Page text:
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With camcorders rolling and flashbulbs popping, eighth-graders at the Forest Park Middle School celebrated the end of an era as they look forward to new adventures in high school and beyond.

Members of the graduating class turned their tassels during a June 6 ceremony at Proviso East High School, while family and friends cheered their accomplishments. More than 20 of the 86 graduates were recognized for their academic performance. Four students shared valedictory honors.

“I can’t help but wonder what’s going to be within your reach,” Melanie DeLuc, a co-valedictorian said during her commencement speech.

DeLuc pondered which of her classmates would become doctors, teachers, musicians or even president of the United States. The possibilities are endless, DeLuc said, and so is the likelihood for success.

“We are the future,” she said. “Class of 2007, let’s make it a good one.”

But before they can tackle the world, Forest Park’s eighth-graders must first tackle high school. More than 30 of the graduates will attend one of three Proviso Township high school campuses. Roughly another two dozen students will divide themselves between St. Joseph and Oak Park and River Forest High School. The remainder will attend various private and public institutions in the area.

Middle School Principal Karen Bukowski encouraged her former students not to fear the next step in their educational careers, and reminded them of how nervous many of them were on the first day of their sixth-grade year. No one was lost in the maze of hallways and locker assignments, and they all managed to dissect a frog while studying Shakespeare and the Holocaust, Bukowski said.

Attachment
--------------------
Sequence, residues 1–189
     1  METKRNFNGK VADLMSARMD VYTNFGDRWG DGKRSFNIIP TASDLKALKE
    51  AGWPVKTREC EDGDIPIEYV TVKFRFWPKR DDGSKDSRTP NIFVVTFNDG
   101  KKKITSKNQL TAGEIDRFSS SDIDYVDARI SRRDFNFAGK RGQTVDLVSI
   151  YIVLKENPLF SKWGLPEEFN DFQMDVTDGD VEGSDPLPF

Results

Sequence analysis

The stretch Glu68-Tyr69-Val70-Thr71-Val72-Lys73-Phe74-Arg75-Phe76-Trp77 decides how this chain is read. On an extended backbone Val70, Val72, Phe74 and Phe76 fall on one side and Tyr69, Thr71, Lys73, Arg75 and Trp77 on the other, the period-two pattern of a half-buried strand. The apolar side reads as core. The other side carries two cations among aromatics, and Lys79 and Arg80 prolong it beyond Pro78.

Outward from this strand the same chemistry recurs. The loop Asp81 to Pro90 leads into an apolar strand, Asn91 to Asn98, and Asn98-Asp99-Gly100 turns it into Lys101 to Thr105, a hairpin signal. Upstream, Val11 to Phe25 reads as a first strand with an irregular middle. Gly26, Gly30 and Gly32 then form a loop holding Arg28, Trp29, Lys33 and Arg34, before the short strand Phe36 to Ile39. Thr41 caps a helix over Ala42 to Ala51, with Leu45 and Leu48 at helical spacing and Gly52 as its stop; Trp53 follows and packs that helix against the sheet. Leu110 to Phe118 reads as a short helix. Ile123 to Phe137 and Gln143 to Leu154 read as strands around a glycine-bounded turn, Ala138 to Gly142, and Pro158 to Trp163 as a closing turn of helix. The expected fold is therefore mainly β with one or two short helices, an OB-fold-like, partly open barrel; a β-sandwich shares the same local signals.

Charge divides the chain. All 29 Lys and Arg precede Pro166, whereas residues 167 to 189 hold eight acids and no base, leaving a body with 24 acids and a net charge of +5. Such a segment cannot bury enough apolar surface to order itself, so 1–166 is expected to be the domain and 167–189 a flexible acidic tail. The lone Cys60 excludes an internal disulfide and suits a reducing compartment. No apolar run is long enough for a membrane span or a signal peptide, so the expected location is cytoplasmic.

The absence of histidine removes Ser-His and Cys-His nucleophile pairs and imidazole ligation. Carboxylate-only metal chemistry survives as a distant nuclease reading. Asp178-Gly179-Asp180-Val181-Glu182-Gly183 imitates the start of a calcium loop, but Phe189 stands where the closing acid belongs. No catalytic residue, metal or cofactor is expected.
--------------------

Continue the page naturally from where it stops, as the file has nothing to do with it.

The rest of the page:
“None of us can predict the future, but I do want to step out on a limb here and say in 2011, all of you will be graduating high school,” Bukowski said.

The ceremony marked a landmark not only for the students and their families, but for Superintendent Randolph Tinder as well. Tinder is retiring after joining the district in 2000. In his remarks before presenting the students as the graduating class of 2007, Tinder asked students to join him in looking forward to their yet-to-be-defined futures. A calendar in his office celebrates his last day with District 91, June 29, as “the beginning.”

“Tonight will close the door on your childhood and open the door onto whatever you’ll become as adults,” Tinder said.